A urinary tract infection (UTI) is an infection involving any part of the urinary system, including the urethra, bladder, ureters, or kidneys. Typically, UTI involve the lower urinary tract (bladder and urethra), however, if not treated, it can become serious and spread to the kidneys. A healthcare-associated UTI occurs when a patient acquires the infection during or following a stay at a healthcare facility.
Approximately 75% of UTI's in the healthcare setting are associated with a urinary catheter, which is a tube inserted into the bladder through the urethra to drain urine. The most important risk factor for developing a catheter-associated UTI (CAUTI) is leaving the catheter in place for too long. Catheters should only be used for appropriate indications and should be removed as soon as they are no longer needed. It is estimated that 17% to 69% of CAUTI’s may be prevented with recommended infection control measures. This means that up to 380,000 infections and 9,000 deaths related to CAUTI per year could be prevented.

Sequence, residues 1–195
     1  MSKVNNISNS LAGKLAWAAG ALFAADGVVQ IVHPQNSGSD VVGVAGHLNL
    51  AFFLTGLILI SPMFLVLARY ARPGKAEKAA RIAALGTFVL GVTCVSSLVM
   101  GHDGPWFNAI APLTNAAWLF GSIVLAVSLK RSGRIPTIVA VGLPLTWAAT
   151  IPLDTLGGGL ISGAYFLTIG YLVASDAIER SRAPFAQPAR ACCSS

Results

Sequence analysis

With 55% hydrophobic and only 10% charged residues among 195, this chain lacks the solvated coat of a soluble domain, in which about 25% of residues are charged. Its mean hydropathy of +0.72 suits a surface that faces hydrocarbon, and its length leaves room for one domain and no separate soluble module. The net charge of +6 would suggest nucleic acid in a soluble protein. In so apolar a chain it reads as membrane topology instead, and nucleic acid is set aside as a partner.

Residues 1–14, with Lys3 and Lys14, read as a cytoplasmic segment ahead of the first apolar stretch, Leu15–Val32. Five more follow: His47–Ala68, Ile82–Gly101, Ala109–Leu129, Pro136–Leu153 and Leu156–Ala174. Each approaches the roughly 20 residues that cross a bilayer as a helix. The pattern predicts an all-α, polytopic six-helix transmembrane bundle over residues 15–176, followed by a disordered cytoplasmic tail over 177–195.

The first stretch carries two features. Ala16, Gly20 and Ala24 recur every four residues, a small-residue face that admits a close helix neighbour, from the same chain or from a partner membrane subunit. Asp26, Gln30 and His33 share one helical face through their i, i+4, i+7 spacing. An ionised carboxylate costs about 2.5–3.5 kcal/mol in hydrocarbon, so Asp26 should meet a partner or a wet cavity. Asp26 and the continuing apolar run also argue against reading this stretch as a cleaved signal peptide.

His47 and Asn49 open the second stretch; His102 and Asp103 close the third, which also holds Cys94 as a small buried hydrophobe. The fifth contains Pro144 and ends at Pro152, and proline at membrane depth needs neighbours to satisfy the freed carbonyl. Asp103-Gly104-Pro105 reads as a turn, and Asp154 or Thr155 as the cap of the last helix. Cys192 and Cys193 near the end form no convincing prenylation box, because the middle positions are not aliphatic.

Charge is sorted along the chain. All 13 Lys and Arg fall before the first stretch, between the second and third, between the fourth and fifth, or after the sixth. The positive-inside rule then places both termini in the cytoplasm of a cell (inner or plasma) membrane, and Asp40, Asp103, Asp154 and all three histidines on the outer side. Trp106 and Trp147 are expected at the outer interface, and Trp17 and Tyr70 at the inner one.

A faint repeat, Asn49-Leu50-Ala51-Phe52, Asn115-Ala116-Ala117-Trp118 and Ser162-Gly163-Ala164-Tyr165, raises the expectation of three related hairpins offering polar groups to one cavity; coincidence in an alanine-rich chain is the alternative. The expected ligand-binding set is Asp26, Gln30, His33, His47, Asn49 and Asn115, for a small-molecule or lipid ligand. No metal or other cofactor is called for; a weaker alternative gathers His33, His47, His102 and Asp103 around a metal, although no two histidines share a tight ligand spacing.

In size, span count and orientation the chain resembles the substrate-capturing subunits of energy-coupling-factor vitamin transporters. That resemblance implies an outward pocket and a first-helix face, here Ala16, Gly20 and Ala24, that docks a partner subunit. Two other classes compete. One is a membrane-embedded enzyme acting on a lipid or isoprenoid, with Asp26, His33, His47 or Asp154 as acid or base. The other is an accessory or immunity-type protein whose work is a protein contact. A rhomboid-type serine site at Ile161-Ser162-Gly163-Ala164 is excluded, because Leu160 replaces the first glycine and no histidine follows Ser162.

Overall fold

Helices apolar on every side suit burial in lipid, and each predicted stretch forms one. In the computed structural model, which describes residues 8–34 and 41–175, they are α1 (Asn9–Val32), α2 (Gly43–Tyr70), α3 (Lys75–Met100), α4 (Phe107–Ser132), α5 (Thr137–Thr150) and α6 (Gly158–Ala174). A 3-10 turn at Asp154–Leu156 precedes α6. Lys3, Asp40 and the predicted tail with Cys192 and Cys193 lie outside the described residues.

Catheter-associated Urinary Tract Infection:
A catheter-associated urinary tract infection (CAUTI) occurs when germs enter the urinary tract through the urinary catheter and cause infection. The most important risk factor for developing a CAUTI is prolonged use of the urinary catheter. Therefore, catheters should only be used for appropriate indications and should be removed as soon as they are no longer needed.
*** CAUTI is not a required reportable event to the Colorado State Health Department. However, it is a type of HAI.
Non-catheter associated Urinary Tract Infection:
A UTI is not attributable to the catheter device when the onset of symptoms occurs more than 48 hours after the removal of the catheter.